It’s a phenomenon that occurs when hundreds of devices are all trying to access multiple routers all on the same frequency. The results are a confusing mess of signals that are constantly clashing with each other.
The easiest way to experience spectrum crunch is to simply head to a national stadium and try and use your phone. It’s virtually impossible.
“In today’s wireless world, you can’t solve spectrum crunch by throwing more transmitters at the problem, because they will all still be interfering with one another,” says Ezzeldin Hamed, a PhD student who is lead author on a new paper on the topic.
“The answer is to have all those access points work with each other simultaneously to efficiently use the available spectrum.”
What MegaMIMO 2.0 does is create an interwoven network that actually talks to each other.
Each transmitter is then able to work together and make sure that they’re sending information that isn’t clashing to each device.
By sychronising all the transmitters together you create a coherent network that can transmit data without interfering with both itself and other devices.
“This work offers a completely new way to deliver WiFi in campuses and enterprises,” says Sachin Kattian associate professor of electrical engineering and computer science at Stanford University.
“Whereas current solutions often have slow, spotty performance, this technology has the potential to deliver high-capacity connectivity to each and every user.”
These Are The Robots And Drones That Will Change Our Lives:
Robots that can deliver other robots:
Amazon Prime Air is a drone delivery service which the company is currently testing. The company aims to deliver products within just 30 minutes of the customer pressing the 'order' button. (AP Photo/Amazon)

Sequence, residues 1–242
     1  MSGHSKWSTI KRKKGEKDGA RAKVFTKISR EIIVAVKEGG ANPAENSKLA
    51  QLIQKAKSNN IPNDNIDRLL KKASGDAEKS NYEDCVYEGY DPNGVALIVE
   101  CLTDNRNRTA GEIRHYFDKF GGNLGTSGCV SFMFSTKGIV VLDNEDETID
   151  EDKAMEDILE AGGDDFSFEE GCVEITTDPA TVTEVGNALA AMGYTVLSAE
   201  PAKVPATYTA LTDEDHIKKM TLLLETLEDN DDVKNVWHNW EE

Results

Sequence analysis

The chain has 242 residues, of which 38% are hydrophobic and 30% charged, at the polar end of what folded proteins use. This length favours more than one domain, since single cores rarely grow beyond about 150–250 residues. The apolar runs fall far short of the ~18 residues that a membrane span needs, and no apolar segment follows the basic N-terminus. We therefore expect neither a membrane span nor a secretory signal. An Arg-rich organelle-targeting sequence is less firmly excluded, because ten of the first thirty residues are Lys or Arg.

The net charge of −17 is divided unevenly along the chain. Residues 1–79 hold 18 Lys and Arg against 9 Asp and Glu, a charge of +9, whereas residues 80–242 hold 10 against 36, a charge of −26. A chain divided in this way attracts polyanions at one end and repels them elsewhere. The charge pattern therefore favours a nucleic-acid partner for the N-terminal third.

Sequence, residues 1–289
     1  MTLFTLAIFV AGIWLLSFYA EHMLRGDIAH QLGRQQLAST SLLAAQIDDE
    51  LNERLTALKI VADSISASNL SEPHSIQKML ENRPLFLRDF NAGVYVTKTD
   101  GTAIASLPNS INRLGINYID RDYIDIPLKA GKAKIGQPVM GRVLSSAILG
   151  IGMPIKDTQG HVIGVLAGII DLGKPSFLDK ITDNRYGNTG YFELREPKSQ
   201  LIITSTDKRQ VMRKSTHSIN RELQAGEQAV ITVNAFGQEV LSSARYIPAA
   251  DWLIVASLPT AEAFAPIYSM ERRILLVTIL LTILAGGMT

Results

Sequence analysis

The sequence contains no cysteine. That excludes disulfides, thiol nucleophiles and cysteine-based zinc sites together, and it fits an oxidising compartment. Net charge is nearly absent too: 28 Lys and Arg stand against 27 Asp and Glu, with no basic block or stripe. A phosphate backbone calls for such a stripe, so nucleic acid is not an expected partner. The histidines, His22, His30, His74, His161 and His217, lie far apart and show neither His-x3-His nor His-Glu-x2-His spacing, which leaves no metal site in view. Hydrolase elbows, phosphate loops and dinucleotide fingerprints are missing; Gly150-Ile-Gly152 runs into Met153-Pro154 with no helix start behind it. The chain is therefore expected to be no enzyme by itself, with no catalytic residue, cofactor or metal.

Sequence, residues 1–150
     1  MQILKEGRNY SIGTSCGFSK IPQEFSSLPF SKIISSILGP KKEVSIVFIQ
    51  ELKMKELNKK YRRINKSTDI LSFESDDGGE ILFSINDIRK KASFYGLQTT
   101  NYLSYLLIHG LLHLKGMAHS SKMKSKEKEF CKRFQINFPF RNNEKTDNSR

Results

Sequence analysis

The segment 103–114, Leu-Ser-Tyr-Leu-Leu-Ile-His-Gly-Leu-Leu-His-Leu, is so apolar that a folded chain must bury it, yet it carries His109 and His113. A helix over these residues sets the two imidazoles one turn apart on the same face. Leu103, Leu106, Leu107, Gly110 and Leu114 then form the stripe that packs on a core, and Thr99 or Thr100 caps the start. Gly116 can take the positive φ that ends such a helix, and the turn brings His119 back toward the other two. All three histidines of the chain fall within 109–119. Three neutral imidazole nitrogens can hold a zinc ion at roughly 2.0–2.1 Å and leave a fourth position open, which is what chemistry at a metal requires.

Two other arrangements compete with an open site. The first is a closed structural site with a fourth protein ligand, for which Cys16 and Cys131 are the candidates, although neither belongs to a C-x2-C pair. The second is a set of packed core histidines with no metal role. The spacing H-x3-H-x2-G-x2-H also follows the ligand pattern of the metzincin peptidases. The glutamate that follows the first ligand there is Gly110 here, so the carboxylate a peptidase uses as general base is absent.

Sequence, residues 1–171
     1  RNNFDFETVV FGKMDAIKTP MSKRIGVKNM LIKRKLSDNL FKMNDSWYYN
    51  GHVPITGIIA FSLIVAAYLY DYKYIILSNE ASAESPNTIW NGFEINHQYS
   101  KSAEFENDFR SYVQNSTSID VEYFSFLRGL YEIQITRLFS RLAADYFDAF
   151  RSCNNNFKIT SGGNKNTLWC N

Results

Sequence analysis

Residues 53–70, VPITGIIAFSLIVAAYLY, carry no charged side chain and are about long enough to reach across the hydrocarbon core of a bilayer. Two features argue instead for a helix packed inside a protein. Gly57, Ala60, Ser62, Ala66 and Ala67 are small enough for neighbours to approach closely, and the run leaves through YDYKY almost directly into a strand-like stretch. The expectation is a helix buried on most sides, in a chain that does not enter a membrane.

Robots that could soon be saving lives:
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The robot 'CHIMP' developed by Team Tartan Rescue from the US prepares to complete a task during the finals of the DARPA Robotics Challenge. It is hoped that these robots will eventually replace emergency services workers during events like the Fukushima nuclear disaster. (MARK RALSTON/AFP/Getty Images)
Robots that can carry your stuff:
MARK RALSTON via Getty Images
A robotic cheetah runs during a demonstration at the finals of the DARPA Robotics Challenge. DARPA's four-legged robots have been designed to carry supplies and ammunition for the US Army. Capable of travelling over tough terrain the hope is that these will eventually replace the need for trucks or small vehicles. (MARK RALSTON/AFP/Getty Images)
Robots that can kill:
AFP via Getty Images
A sentry robot freezes a hypothetical intruder by pointing its machine gun during its test in Cheonan. South Korea unveiled a high-tech, machine gun-toting sentry robot that could support its troops in detecting and killing intruders along the heavily fortified border with North Korea. The weapons-grade robot can detect, raise the alarm and provide suppressive fire. (KIM DONG-JOO/AFP/Getty Images)
Robots that can race each other:
YOSHIKAZU TSUNO via Getty Images
Japan's motorcycle maker Yamaha Motor introduces the prototype model of a motorcycle riding robot 'Motobot' during a press preview at the Tokyo Motor Show in Tokyo on 28, 2015. (YOSHIKAZU TSUNO/AFP/Getty Images)
Robots that are toys:
The Sphero BB-8 remote controlled droid is on display at CES Unveiled, a media preview event for CES International, Monday, Jan. 4, 2016, in Las Vegas. The robot is controlled by an app for a mobile device. (AP Photo/John Locher)
Robots that will do your weekly shop:
A new delivery drone company plans to revolutionise the way we do our shopping by replacing your weekly trip to Sainsbury's with a tiny delivery robot which will bring your fruit and veg straight to your door. (Starship Technologies)